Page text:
Coronavirus shutdown of hiking, biking, boating near 100% on Peninsula

New levels of closures were ordered as the weekend arrived at parks on the Peninsula, with 15 county parks, 13 open space preserves, four state parks and three boat ramps shut down to help stop the spread of COVID-19.

In San Mateo County, health officials also ordered that travel be restricted to within 5 miles of a residence. Just a handful of city-operated parks were left open for recreational access over the weekend.

When Gov. Gavin Newsom’s shelter-in-place order included a provision for hiking, biking and running for fitness, many county parks, open space preserves and state parks on the Peninsula were overwhelmed with visitors. Park officials verified overflowing parking areas, trails with clusters of people and mountain bikers at times riding at high rates of speed.

“We know that simply being in nature can provide a much-needed respite during challenging times like these, but if we can’t keep our open space preserves safe, we can’t keep them open,” said Ana Maria Ruiz, general manager of the Midpeninsula Open Space District. “We’re urging the public to cooperate and avoid crowding.”

Ruiz said the district would reopen 11 of its 13 open space preserves on weekdays, but that all trails would remain closed to mountain bikes and horseback riding after a recent spike in use and accidents. The two preserves that will be closed seven days a week are Windy Hill, which spans from Portola Valley to Skyline Boulevard, and Teague Hill in Woodside.

Three county boat ramps and associate parking areas — at Oyster Point in South San Francisco, Coyote Point in San Mateo, and Pillar Point in Half Moon Bay — have been shut down by the San Mateo Harbor Commission.

California State Parks scrapped a tentative date posted earlier this month to reopen some parks on the outskirts of the Bay Area to hiking and three parks in Santa Cruz County, eight in Monterey County, 11 in Sonoma County and 22 in Mendocino County were kept closed to all parking and access. All 280 state parks and beaches in California are closed.

“Any decision to reopen additional state parks will be made in close coordination with state and local public health officials, the governor’s office and the state Office of Emergency Services,” said Adeline Yee of California State Parks.

In Sonoma County, where volunteers and docents run Jack London State Historic Park, two volunteers, Kathy Hillback-Ely and her husband George Ely, said the way of life they had created has vanished.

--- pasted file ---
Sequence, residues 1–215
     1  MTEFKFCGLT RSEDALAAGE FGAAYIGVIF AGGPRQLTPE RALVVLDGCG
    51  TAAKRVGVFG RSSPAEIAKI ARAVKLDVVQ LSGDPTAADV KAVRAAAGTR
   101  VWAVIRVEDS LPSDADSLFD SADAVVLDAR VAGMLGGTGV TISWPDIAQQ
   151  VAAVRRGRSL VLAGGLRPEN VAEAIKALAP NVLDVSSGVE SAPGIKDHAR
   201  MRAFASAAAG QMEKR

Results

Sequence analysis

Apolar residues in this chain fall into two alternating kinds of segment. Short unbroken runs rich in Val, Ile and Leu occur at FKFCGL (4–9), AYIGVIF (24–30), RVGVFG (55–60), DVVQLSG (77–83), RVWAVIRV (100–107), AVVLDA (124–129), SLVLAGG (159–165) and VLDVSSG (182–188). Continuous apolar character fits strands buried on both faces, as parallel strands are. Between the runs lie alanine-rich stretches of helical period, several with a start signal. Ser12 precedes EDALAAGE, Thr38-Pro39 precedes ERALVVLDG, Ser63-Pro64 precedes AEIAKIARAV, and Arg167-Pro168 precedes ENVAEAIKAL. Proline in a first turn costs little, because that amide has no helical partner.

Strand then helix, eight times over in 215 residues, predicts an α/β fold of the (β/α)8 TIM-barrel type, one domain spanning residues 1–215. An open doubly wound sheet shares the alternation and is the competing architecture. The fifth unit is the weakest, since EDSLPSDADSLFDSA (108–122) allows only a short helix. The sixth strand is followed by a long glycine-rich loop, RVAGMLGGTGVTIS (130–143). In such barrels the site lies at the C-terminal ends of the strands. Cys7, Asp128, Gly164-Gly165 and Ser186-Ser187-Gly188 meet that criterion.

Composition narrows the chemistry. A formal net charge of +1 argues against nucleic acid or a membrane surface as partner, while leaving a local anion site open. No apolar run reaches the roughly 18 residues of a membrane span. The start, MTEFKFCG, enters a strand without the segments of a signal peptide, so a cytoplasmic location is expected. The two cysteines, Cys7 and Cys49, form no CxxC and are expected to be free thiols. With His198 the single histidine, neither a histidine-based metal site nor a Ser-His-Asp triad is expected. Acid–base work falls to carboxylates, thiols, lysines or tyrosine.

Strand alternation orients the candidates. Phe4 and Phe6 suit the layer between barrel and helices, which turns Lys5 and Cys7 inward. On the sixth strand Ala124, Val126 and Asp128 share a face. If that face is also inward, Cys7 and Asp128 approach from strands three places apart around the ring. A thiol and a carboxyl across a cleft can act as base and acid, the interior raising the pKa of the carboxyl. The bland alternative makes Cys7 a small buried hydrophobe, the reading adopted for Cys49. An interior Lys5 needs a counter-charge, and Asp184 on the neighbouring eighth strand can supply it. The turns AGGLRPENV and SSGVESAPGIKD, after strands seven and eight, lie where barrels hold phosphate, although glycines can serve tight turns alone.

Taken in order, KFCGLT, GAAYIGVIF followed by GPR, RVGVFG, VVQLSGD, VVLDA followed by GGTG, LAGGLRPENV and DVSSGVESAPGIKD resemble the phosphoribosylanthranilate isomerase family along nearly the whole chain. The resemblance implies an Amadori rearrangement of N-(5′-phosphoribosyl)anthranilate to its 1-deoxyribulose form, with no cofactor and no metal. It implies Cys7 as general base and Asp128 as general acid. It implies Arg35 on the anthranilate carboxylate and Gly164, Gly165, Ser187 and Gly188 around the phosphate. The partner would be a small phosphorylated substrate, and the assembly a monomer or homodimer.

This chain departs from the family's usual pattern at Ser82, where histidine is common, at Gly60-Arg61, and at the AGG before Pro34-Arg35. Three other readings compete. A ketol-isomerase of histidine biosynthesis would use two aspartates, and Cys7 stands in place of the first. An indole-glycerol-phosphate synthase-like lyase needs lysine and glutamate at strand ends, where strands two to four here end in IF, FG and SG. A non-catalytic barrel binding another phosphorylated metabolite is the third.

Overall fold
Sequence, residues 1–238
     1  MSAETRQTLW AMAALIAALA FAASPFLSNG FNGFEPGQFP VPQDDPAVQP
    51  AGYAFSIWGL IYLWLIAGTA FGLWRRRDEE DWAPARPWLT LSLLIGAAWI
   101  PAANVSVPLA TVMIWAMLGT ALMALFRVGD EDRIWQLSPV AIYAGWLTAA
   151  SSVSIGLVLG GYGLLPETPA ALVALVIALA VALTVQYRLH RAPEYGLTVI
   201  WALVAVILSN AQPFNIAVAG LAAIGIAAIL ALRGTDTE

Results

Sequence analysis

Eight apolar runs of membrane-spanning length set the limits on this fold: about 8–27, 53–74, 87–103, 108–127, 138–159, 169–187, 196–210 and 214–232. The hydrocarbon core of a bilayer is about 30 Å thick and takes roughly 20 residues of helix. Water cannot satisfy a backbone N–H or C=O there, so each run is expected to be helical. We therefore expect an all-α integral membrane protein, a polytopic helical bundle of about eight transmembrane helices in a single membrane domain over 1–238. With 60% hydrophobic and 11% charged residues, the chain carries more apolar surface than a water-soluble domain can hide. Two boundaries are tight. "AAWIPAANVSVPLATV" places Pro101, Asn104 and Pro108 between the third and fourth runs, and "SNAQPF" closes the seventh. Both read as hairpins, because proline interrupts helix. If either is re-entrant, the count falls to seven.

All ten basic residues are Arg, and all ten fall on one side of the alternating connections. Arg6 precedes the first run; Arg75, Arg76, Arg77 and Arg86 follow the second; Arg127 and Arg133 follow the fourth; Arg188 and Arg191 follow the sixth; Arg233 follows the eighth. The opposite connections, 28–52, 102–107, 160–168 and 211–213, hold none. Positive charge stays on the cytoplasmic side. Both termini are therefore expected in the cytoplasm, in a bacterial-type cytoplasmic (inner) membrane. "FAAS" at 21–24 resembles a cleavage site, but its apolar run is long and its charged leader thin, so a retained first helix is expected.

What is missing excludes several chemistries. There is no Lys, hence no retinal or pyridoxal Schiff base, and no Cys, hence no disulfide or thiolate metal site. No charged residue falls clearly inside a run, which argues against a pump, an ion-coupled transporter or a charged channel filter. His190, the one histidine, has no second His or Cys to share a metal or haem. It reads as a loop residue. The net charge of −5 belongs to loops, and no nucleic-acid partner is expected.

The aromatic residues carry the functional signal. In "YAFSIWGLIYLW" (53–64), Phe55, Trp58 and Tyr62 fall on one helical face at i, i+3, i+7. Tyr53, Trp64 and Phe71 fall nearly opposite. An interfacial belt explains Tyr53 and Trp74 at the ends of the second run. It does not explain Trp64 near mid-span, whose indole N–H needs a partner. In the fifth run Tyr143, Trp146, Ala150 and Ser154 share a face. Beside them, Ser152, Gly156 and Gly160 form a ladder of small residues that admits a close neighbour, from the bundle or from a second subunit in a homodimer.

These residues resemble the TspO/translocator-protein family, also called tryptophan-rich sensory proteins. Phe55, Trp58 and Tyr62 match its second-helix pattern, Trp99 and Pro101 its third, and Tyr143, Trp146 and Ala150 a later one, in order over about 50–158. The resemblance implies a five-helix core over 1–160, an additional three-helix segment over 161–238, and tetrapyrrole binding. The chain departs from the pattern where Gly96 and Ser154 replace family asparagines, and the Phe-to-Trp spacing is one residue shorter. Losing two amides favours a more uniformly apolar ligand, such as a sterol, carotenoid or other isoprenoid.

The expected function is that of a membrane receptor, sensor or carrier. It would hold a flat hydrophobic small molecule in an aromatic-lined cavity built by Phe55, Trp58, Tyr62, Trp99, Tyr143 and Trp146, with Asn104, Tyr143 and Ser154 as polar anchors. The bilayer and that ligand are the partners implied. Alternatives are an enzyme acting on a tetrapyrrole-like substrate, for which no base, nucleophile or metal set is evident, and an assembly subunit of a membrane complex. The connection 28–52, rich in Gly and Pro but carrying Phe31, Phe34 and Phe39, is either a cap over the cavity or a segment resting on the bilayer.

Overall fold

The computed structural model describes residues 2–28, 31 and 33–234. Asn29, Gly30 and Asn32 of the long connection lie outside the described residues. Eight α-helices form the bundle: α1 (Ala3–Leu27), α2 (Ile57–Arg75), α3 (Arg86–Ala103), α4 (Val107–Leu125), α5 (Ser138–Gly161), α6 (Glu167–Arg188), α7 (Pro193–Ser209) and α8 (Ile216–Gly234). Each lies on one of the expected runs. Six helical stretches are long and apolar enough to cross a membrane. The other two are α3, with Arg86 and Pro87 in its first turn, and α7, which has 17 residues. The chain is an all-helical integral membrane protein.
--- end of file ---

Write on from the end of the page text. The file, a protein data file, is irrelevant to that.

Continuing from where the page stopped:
“We are really missing our volunteer activity at Jack London Park,” Hillback-Ely said. “We’re looking forward to getting back up there. Activity now has been pretty much just taking long walks around town.”

In San Francisco, major parking areas for access to beaches and the Golden Gate National Recreation Area are closed. In Marin, all parking and drive-in access to state parks, Marin County Parks and Open Space, and the Marin Watershed have been shut down. Access is permitted on trails for those who bicycle, hike or run to the trail heads.

In the East Bay Regional Park District, eight of 73 parks are closed to all access, including Point Isabel, Castle Rock, Sunol, Del Valle and Tilden, said spokesman Dave Mason. The trail head at Stanford Avenue for Mission Peak has been closed and fenced, with an alternative trail head accessible at Ohlone College.

Facilities are closed at all parks, including restrooms, noted East Bay Regional Park District General Manager Bob Doyle, who said visitors should bring a garbage bag and “pack out their litter.”

Another sweeping closure is at lakes that provide fishing and boating in the East Bay hills, including San Pablo, Lafayette, Del Valle and Los Vaqueros, ordered by the water districts that operate them.

The governor’s shelter-in-place order includes the provision that individuals “may leave their residence … to engage in outdoor activity, provided the individuals comply with the Social Distancing Requirements, such as, by way of example and without limitation, walking, hiking, or running.”

“Public health officials are advising the public to walk, run, hike and bike in their local neighborhoods and walk to parks,” said Yee of California State Parks.

Tom Stienstra is The San Francisco Chronicle’s outdoors writer. Email: Twitter: @StienstraTom

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